Religion & Beliefs
Charter for Compassion: Interfaith Beyond Kumbaya
As an interfaith child, I tend to avoid "interfaith" conferences. Religious leaders inevitably describe the ideal interfaith encounter as one in which we must gird our religious loins in order to cross a bridge and embrace the "other," without being … Read More
As an interfaith child, I tend to avoid "interfaith" conferences. Religious leaders inevitably describe the ideal interfaith encounter as one in which we must gird our religious loins in order to cross a bridge and embrace the "other," without being pulled down into that muddy, syncretic, dangerous space between us, below the bridge. Then, after a respectful hug, both parties return to their respective sides, enlightened but affirming the depth of their own religious convictions.This imagery poses a problem for those of us from interfaith families, especially those of us who are interfaith children. Some of us inconveniently insist on living on the bridge itself, or possibly under it, like trolls. We do not belong on one side, or the other. Or we feel we belong equally on both sides, and insist on traveling from one side to the other, in the space of a lifetime, or in the space of a conversation.
But yesterday, I tried to suspend my suspicions and personal complexities, and to some degree my irony, to go down to the National Press Club in Washington for the unveiling of the "Charter of Compassion." The Charter was created to unify and inspire people from every religion, and no religion, with the idea that we must put compassion at the center of our lives and world.
I was drawn in, principally, by Karen Armstrong, former Catholic nun and a religious writer both notorious and celebrated for thinking outside the box. As she told us today, "I don’t think belief is very important." A radical statement from a religious thinker, but one that works perfectly for me as an interfaith child who has spent a lifetime integrating two religions while being told that they are somehow mutually exclusive.
The Charter came about after Armstrong won the groovy TED Prize last year, and TED granted her wish to create the Charter of Compassion. Religious luminaries signed on to support the project, including everyone from the Dalai Lama to Archbishop Desmond Tutu.
Three aspects of the Charter project, besides the leadership of Armstrong, made this more than just another typically sappy interfaith declaration: first, the hipster TED folks convinced Armstrong to let the Charter evolve through a massive online collaborative free-for-all: thousands of people posted ideas about what should go into the Charter. (TED stands for Technology, Entertainment, Design). As a blogger, I was intrigued by this techno-savvy commitment to user-generated content, or crowdsourcing, in the world of ideas. At the press conference, Rabbi David Saperstein called this "one of the most collaborative undertakings in religious history," and predicted that it could have a "transformative impact."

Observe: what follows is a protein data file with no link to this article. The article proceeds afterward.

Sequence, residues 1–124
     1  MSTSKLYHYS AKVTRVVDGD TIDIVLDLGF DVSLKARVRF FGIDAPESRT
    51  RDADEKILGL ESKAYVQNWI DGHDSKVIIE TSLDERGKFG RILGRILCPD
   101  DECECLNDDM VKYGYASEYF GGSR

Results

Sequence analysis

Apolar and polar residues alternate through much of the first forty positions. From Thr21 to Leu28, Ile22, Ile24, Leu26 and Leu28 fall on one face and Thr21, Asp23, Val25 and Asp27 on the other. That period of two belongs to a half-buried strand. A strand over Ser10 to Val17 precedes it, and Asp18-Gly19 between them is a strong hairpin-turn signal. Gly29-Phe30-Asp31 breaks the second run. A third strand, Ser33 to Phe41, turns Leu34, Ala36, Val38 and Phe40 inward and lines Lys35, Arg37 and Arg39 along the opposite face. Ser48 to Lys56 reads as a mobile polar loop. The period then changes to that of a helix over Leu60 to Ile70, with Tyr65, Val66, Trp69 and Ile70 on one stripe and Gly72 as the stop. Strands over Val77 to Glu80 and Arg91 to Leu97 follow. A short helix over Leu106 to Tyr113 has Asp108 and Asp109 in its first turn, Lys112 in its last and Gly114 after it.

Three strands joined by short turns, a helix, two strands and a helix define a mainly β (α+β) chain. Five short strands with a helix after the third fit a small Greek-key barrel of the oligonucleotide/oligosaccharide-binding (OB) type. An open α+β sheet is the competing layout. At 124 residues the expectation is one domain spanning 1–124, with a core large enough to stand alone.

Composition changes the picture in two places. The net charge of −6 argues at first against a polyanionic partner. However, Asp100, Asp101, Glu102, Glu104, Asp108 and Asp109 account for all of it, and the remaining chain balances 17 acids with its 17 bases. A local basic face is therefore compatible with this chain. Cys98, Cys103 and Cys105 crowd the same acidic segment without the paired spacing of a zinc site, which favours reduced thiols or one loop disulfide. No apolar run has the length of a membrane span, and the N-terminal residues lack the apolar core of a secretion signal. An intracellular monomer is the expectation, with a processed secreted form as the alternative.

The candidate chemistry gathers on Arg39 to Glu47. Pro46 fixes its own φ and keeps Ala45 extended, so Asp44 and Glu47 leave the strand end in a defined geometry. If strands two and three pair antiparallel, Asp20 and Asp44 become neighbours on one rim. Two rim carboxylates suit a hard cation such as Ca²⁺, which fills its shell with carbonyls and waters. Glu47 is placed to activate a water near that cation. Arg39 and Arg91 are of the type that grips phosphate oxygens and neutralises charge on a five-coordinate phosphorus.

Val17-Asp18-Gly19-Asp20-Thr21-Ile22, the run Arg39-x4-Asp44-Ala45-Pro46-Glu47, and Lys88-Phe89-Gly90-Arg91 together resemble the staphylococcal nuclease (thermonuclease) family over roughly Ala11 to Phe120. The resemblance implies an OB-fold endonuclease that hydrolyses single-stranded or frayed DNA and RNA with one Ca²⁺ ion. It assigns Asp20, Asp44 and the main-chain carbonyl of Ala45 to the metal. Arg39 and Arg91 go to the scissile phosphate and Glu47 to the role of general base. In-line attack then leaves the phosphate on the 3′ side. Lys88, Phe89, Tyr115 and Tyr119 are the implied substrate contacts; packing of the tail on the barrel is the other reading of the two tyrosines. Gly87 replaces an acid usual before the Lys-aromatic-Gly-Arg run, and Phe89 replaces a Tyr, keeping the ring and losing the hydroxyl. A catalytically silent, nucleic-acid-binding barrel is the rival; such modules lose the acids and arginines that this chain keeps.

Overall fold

Second, Armstrong specifically encouraged atheists and agnostics to be part of the process. The basis of the Charter is the idea that the Golden Rule is a central tenet of all major religions. But the acknowledgement of the importance and contributions of "non-believers," as President Obama affectionately calls them, is novel and daring.
Third, the Charter itself includes some edgy statements. For one, it calls on us to acknowledge that "any interpretation of scripture that breeds violence, hatred or disdain is illegitimate" and that some of us have "increased the sum of human misery in the name of religion." So very true, but strong stuff that. At the press conference, Armstrong said she was determined not to "try to mask the less than flattering aspects of religion."
The charter also calls on us to "ensure that youth are given accurate and respectful information about other traditions, religions and cultures." That is music to the ears of interfaith families who brave the disapproval of religious institutions to educate their children about even two religions
In the last forty-eight hours, the Charter has been unveiled and mounted on the walls of houses of worship, and secular spaces, including the the Sydney Opera House, the Garden of Forgiveness in Beirut, the Ramallah Friends Meeting House, and both the National Cathedral and the Washington Hebrew Congregation in DC. Around the world, today and through the weekend, communities are staging readings of the charter, a sort of benediction and charge to mobilize interfaith love. Suspend your snark-o-meter and read it. I expected platitudes, and instead encountered bracing challenges and frank talk.